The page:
With weeks’ worth of parties, feasts, and other revelries, the holiday season is sure to derail even the staunchest dieters, so when January 1 finally drops, most people are more than ready for a healthful change. However, healthy eating is often harder than it seems, especially when a New Year’s diet comes so hot on the heels of the most indulgent holidays.
To help those with firm resolutions to feel good and get fit, here are some simple guidelines (and a handful of recipes) to make eating and drinking healthy and pleasant in the New Year.
Perhaps the worst diet-related decision anyone could ever make — besides avoiding food altogether — is following a trend. Fad diets, like South Beach and Atkins as well as more recently Paleo and Raw Food, promise to cut weight with dramatic speed, and to be honest, many of them succeed. However, fad diets almost never result in lasting health; any fat a dieter loses quickly returns after normal eating resumes.
A better strategy is to make healthy eating a long-term lifestyle choice and develop habits that are satisfying and will stick. Contrary to most fad diet suggestions, those who want to eat well and get healthy should never skip meals, should integrate plenty of food variety, and add physical exercise for increased results.
There are many reasons people skip breakfast, but there is one big reason not to: health. After its long fast during the night, the body needs a morning meal to reenergize and jumpstart the metabolism. By forgetting to eat breakfast, a person is only making it harder to wake up and do work. Fortunately, there are a number of easy, healthy, delicious breakfasts anyone can make during busy mornings, like:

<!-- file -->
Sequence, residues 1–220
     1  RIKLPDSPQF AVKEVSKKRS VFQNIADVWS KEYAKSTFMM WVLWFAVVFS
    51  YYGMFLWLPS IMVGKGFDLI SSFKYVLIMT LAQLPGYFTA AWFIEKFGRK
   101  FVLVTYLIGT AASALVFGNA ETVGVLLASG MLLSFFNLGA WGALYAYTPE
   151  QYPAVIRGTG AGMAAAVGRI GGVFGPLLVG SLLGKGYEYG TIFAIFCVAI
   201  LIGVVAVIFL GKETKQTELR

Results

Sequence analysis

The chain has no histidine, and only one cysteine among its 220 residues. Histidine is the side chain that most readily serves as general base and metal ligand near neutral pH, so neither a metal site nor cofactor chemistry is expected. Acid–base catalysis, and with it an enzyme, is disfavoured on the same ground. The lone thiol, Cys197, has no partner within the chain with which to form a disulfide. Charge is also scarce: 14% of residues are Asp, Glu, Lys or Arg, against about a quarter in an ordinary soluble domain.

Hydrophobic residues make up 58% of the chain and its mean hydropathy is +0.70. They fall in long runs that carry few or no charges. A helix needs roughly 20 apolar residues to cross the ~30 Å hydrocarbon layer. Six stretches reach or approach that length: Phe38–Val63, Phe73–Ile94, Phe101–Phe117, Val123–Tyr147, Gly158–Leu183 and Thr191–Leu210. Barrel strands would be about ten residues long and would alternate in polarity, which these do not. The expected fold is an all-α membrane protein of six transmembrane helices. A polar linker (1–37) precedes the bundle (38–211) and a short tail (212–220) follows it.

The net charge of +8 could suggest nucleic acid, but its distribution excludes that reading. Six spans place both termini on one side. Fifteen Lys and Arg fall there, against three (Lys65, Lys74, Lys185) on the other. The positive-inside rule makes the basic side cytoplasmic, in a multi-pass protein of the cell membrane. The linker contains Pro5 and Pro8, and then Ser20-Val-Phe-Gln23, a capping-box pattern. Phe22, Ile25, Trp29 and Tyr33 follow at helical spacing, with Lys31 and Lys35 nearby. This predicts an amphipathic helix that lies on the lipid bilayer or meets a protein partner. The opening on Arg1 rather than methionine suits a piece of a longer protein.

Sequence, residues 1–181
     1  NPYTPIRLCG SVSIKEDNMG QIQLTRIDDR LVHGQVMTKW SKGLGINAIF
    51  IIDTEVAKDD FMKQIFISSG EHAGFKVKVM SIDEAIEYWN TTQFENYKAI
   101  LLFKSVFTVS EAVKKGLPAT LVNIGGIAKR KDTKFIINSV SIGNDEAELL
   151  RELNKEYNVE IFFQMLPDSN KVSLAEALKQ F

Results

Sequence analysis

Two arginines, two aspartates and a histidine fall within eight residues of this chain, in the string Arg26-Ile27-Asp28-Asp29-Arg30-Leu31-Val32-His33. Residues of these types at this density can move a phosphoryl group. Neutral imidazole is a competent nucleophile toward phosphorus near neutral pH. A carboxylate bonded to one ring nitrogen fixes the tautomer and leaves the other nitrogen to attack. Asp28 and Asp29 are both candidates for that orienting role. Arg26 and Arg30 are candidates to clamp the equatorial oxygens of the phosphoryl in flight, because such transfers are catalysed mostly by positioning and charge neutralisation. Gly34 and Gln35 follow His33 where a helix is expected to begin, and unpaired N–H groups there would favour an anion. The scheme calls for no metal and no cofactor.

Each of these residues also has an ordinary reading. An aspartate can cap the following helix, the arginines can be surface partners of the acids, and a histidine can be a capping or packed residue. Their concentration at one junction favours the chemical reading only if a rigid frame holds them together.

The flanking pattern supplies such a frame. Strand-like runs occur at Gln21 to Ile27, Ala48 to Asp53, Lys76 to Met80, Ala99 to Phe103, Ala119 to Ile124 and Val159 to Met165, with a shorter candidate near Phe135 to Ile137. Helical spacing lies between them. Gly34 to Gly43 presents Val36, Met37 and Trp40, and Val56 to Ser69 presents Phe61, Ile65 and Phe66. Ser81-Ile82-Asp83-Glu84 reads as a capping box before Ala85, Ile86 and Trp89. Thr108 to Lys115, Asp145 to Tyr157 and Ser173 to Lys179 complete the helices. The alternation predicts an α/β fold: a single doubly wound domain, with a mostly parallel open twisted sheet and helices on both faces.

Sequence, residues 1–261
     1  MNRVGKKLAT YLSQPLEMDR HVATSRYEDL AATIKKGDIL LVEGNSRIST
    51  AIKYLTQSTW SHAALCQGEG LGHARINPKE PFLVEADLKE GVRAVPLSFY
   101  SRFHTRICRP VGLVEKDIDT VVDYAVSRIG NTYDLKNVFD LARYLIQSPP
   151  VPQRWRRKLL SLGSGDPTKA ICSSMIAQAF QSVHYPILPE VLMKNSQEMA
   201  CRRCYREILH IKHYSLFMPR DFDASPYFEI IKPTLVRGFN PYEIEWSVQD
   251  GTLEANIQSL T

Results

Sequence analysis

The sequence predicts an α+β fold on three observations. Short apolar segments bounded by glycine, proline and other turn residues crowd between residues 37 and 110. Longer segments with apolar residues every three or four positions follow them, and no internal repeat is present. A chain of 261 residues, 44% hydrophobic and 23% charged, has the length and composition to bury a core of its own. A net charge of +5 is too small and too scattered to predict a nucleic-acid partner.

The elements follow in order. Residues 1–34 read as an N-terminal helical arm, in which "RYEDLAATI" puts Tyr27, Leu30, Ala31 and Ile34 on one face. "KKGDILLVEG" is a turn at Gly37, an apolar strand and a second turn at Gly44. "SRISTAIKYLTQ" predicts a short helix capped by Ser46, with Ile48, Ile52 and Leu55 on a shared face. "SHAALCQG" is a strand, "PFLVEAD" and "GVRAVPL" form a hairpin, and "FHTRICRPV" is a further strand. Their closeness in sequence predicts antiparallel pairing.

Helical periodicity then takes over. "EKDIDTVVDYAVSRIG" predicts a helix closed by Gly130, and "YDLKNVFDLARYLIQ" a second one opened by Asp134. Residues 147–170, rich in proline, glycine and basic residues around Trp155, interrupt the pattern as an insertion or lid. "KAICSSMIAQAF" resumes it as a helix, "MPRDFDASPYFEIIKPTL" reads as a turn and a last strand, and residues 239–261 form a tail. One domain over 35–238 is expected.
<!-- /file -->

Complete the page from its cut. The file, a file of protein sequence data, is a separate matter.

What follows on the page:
- Toast with mashed avocado and egg (sunny-side-up or soft-boiled)
- Oats with fruit and seeds (blackberries and hemp seeds, or raspberries and chia seeds)
- Muesli (store-bought or homemade)
- Banana smoothie with mix-ins (peanut butter, almond milk, fruits, etc.)
A number of government agencies are utterly disappointed by the low quantity and variety of vegetables consumed by the American public. Vegetables are full of vitamins and nutrients bodies need to stay energized and healthy, and a salad is one of the fastest and easiest ways to eat a number of veggies at once. Not all salads are comprised of iceberg lettuce and carrot shavings; these salads are filling and tasty enough to eat every day:
- Watercress with beets and feta (recipe)
- Mixed Asian with macadamia nuts (recipe)
- Avocado and roasted carrot (recipe)
- Moroccan carrot and chickpea (recipe)
The biggest downfall of most dieters is monotony. After weeks of tasting the same healthy meals over and over again, most dieters start to slip, indulging in unwholesome eating habits that derail their progress toward health and fitness.
The only way to stop this outcome is to prevent monotony from occurring. Food is wonderfully diverse; every culture has its own cuisine with unique preparation and seasoning. Every day can bring a new taste experience; even drinks can have variation, as long as properly healthy beverages are chosen, like tea for high and low metabolism. When meals are adventures rather than tedious affairs, it is easy to stick to a healthy eating plan.
Most Americans can eat basically anything at any time of year — such is our modern way of producing food. However, there are major downsides to eating produce that is out of season: Usually, off-season fruits, veggies, and meats are more expensive, less tasty, less sustainable, and less healthy than those that are local and fresh. Instead of the grocery store, healthy eaters should shop at regional farmers’ markets to find the best food no matter the growing season.
Dessert is the poster-child for unhealthy eating. Most after-dinner treats are suffused with added sugars, complex carbohydrates, and fats, which are a dieter’s worst nightmares. However, for most eaters, dessert is the most enjoyable meal of the day, and preventing oneself from indulging in a small sweet after a long day of wholesome fruits and vegetables could be dangerous to the longevity of the diet. Eating should be fun and stress-free, so it is absolutely acceptable to relax and indulge in a lavish dessert a few times a week — even bodybuilders do it.